ISE welcomes new faculty member Yumeng Li


Madeleine Hubbard

Professor Yumeng Li grew up in a small town in the Hunan province of China. Since then, Li has lived in many different places across the United States as a student and teacher. 

Li says, “My dream when I was in elementary school was to be a scientist.” When Li got into her STEM-focused classes in high school, she decided to study engineering in college. Explaining her decision, Li says engineers “can deal with more practical problems.”

Li went on to study at Huazong University of Science and Technology in Wuhan, China. There, she earned her bachelor’s and master’s in Naval Architecture and Ocean Engineering. For her PhD, Li studied Aerospace Engineering at Virginia Tech. Li says, “For my PhD work, we were working with nanocomposites. We tried to develop and analyze nanocomposite with high stiffness-to-weight ratio through multiscale simulations with emphasis on the interface effects.”

Nanocomposites are a wide-ranging class of microstructures made of multiple types of materials. Because of large quantity of interfacial area relative to the volume of the material, nanocomposites have significant potential to offer dramatic improvements of material properties. Nanocomposite materials have broad applications in areas such as aerospace structural materials, food packaging, and the medical industry.

For Li’s post doctorate, she conducted her research at Vanderbilt University. There, Li says she focused “on developing multifunctional simulation framework to studying fatigue creep phenomena in alloys.” In order to do this, Li had to develop a microstructure-informed and experimentally verified simulation model. She says the goal was “to try to provide better predictions of the lifetime of alloys under their service conditions.” 

After conducting her research at Vanderbilt, Li went on to work in the Department of Mechanical Engineering at Wichita State University. After teaching for one year, Li came to work at ISE. Li worked at WSU for one year before coming to join ISE.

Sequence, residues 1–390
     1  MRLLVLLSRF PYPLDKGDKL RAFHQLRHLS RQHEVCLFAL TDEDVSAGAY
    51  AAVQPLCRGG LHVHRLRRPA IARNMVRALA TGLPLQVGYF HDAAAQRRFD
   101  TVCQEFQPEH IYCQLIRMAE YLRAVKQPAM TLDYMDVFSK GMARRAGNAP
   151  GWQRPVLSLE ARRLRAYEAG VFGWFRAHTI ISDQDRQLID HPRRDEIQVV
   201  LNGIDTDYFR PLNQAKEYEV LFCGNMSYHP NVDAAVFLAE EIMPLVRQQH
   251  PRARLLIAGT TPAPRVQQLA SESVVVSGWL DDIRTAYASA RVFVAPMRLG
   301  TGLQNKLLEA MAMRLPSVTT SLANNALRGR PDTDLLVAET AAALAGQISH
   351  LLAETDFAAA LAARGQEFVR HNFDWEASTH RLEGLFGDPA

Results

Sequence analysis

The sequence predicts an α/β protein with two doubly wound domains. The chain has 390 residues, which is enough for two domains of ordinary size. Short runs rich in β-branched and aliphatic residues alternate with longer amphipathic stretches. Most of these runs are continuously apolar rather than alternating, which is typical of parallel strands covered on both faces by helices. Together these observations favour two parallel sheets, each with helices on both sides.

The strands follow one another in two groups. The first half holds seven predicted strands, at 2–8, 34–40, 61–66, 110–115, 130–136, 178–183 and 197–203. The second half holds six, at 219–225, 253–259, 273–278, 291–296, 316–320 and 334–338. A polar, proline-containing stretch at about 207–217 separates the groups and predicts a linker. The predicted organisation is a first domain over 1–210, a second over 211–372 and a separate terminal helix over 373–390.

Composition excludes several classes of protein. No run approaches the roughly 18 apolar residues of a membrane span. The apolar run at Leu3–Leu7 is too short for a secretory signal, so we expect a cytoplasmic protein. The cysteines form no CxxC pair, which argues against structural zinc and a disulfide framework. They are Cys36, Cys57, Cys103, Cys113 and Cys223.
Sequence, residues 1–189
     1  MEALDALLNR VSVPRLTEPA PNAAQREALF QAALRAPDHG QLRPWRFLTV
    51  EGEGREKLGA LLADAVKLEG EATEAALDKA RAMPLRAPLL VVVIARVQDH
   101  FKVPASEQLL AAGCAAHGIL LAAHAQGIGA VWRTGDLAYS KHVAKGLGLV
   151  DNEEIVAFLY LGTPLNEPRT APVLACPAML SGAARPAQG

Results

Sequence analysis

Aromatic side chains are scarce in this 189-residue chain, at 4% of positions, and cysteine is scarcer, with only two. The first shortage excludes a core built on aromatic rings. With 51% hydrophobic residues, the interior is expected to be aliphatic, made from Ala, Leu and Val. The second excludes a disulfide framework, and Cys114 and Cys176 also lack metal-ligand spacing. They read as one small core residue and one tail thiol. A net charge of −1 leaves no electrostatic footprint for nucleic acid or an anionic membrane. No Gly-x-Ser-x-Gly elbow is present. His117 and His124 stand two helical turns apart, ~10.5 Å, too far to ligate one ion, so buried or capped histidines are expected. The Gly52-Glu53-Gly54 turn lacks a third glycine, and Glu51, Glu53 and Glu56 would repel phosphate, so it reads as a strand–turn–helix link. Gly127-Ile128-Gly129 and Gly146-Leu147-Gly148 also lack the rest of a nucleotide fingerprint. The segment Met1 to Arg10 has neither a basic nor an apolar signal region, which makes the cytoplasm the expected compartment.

As a student, Li says she “was so fortunate to have really good teachers.” Li says, “I am really motivated by my PhD advisor. He set a good example for me.”

Working as a professor, Li says she enjoys how “you can work on really exciting, front edge research topics and also work with brilliant young minds.” She also relishes passing on knowledge to students and “helping them have their own career paths.”

For Li, the most difficult part of being a professor is being selective on research topics. She says, “There are so many interesting things you want to work on, but you need to focus on a few things and then go on to the others.”

This fall, Li is teaching SE 498, Numerical Methods in Engineering. Li says, “It’s quite exciting to join UIUC. We have many brilliant young students here and I am excited to work with them.” 

Li is planning on continuing her research at Illinois. Li says “my research field is in computational material science, more specifically, multiscale simulation of multifunctional materials and design.” In the future, Li says she hopes to “develop several courses that will talk about multiscale simulation.”

Li met her husband while she was a graduate student at an engineering conference in Florida. Li’s husband, Professor Pingfeng Wang, began working at Illinois this fall as well. He is teaching SE 450, or Decision Analysis 1.  

For Further Reading:
Li, Y. and Seidel, G.D., Modelling Simul. Mater. Sci. Eng., 22 025023, 2014
Li, Y. and Seidel, G.D., Computational Materials Science, 107 (2015) 216–234 225, 2015


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